The problem is that our politico-economic system selectively rewards some activities disproportionately more than other activities which are at least as important to the functioning of society. When a politico-economic system doesn’t support the well being of the majority of its citizenry something is fundamentally wrong. Sadly, that is were the US is today.

    1. Bob, you are drinking too much of that kool-aid! ObamaCare does little to solve the underlying problems of rising health care costs. It also drives us toward a European style of socialized medicine i just don’t think Americans want. The process used by the Democrats to approve it was hardly an effort at finding common ground so if they want to live by the cram-down they risk that their strategy will also die by it when the majority changes in Congress again. Such uncertainly does little for the American people, does not solve the problem but produces huge campaign contributions for members of Congress. What a deal! How many struggling Americans are going to be helped by that kind of health care system.

      If we are serious about fixing the problems of health care we would do the following:

      1. ENCOURAGE NATIONAL HEALTH CARE INSURANCE COMPETITION. By allowing insurance companies to compete for customers offering a variety of plans without coverage mandates for each state, consumers could pick and choose the plan that best fits their needs and budget. To do this the Federal Government would need to preempt the states to authorize interstate competition for health insurance plans just like we have interstate wireless communications plans.

      2. CHANGE THE TAX TREATMENT OF HEALTH INSURANCE PREMIUMS TO ENCOURAGE SHIFT TO PRIVATE PLANS. Today the health insurance system depends upon employer provided coverage which is tax deductible by companies and tax exempt to employees. But individuals must pay for health insurance with taxable dollars and are subjected to higher premiums because they get lumped into higher risk categories. This system no longer serves us well because it deprives consumers of choice and undermines competition which would drive down health care costs. A better strategy would be to make employer contributions for health care taxable income to employees and make health insurance premiums paid by individuals tax deductible up to a reasonable level that represents the average premium paid.

      3. HIGH RISK POOLS. The government can address the problems of the uninsured or high risk categories by creating pools and even providing subsidies if desired to make coverage more affordable. Insurance companies should be prohibited from dumping insured who become high risk and instead a re-insurance pool should enable high or higher risk individuals to supplement basic insurance with high risk insurance to cover their conditions. The government could expand the tax deductibility of high risk premiums if desirable.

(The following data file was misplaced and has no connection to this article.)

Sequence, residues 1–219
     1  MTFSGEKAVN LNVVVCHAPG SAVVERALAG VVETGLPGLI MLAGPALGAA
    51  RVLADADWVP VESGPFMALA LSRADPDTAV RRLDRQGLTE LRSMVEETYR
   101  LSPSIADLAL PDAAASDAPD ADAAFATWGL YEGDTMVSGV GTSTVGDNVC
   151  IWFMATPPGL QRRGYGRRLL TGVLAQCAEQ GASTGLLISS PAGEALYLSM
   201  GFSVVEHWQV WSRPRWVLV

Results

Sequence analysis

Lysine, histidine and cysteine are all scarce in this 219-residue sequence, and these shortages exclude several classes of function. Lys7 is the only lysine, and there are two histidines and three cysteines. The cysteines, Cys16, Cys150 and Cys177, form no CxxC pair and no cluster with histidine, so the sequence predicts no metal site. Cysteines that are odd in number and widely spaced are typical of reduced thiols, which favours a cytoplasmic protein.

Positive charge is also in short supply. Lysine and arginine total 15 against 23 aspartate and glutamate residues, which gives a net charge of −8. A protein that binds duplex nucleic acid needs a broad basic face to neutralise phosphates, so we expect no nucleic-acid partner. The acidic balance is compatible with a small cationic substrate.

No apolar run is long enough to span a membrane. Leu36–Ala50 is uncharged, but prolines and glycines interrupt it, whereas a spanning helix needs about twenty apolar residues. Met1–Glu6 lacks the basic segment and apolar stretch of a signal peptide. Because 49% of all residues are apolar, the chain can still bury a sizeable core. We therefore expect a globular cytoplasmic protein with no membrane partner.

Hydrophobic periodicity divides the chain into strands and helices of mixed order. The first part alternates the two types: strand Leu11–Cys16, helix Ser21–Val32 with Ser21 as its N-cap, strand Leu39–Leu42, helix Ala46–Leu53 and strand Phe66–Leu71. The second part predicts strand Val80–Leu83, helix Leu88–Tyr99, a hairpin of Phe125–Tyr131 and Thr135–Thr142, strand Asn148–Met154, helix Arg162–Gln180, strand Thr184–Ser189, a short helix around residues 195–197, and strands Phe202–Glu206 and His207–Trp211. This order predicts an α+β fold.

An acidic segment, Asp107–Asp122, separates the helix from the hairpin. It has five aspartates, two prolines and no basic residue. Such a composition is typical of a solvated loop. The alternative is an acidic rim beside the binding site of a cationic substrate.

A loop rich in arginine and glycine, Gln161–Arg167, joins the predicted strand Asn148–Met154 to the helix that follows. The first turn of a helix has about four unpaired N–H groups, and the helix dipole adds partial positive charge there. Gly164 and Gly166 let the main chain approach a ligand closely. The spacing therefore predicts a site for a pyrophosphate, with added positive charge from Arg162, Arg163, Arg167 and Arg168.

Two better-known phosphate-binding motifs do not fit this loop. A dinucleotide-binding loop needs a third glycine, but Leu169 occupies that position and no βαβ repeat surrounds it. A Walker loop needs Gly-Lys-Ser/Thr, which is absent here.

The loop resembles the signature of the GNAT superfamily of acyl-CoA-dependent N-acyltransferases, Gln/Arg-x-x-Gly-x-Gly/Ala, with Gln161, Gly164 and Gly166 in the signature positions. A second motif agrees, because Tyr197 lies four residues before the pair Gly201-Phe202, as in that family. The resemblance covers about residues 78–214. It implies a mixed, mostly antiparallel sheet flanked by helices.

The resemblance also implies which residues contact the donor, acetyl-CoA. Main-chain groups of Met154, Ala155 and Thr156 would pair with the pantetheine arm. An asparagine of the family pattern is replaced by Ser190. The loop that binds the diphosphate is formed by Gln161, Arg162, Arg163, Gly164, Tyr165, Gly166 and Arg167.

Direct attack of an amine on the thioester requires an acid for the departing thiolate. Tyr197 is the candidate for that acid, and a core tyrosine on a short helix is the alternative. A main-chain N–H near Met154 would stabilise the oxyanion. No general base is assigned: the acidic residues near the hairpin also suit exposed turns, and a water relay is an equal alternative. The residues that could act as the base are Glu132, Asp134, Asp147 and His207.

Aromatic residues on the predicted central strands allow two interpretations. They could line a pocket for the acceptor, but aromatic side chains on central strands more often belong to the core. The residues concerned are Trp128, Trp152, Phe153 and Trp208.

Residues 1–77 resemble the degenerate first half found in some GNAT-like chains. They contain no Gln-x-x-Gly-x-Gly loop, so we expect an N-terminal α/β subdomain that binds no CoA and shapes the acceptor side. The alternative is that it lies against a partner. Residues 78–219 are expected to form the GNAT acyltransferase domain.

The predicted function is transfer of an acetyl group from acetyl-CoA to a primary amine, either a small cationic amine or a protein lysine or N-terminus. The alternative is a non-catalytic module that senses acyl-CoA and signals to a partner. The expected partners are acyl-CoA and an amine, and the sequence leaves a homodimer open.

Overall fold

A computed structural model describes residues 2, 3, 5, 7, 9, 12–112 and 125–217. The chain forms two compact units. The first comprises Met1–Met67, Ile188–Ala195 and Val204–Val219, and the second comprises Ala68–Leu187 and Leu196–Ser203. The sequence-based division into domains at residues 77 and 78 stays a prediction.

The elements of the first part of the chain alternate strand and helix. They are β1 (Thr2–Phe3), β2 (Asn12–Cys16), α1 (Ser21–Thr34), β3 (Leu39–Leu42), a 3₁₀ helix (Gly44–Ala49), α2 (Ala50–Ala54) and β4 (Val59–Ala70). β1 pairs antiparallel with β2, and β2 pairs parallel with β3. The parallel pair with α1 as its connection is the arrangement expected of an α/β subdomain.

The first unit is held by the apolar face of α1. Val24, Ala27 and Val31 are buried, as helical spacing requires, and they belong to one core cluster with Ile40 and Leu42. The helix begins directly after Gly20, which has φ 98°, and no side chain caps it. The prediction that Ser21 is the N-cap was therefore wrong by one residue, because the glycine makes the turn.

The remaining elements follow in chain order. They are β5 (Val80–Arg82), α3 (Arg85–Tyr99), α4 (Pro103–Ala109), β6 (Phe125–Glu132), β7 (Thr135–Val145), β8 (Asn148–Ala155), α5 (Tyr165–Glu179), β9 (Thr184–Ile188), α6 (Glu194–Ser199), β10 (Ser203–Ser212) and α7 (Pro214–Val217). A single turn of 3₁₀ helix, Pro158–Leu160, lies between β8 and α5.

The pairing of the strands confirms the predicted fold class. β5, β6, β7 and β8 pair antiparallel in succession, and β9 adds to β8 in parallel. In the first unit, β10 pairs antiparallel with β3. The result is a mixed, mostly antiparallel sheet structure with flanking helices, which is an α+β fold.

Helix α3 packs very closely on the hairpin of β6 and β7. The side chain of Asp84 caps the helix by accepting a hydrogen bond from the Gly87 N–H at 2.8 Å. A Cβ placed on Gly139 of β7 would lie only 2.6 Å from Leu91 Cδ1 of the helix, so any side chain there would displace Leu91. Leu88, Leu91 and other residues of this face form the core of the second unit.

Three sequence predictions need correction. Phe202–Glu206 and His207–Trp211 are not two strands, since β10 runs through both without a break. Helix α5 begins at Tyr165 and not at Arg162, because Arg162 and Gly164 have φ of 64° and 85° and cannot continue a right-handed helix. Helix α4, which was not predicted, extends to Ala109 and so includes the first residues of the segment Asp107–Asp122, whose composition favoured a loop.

4. END COST SHIFTING. A truly competitive system would need rules to eliminate the ability of hospitals and health care providers from shifting costs to other patients through outrageous fees and charges. This would force cost control and enable patients to force health care providers to compete and drive down the inflation rates for health care. The Government would then have to bear its true cost for providing coverage to Medicare and other government paid patients rather than enable providers to shift that cost to other patients as a hidden tax.

      5. MEDICARE TAX. If the true costs of providing Medicare coverage are bankrupting the system I’d favor some increase in the but it should be capped at CPI or some other non-health care index of inflation to force competition in the system.

  4. Gary,

    I agree with all of your fixes but I don’t think they would be enough. The problem is that the medical services industry is not competitive and wields huge amounts of market power. The big costs are not the medical practitioners but rather the pharmaceuticals, biotech’s and equipment manufacturers. They typically enjoy patent protections for decades and charge unconscionable mark-ups on their costs.

    I don’t know what the answer is but I do know that what we have isn’t working very well. People in these industries are getting hugely rich while the general population is having trouble paying for decent health care. Isn’t this why we regulate utilities? Unfortunately, the medical services industry is far more complex. So how do we reconcile incentives for innovation while restraining prices to affordable levels. Two thousand dollars for an MRI is unconscionable.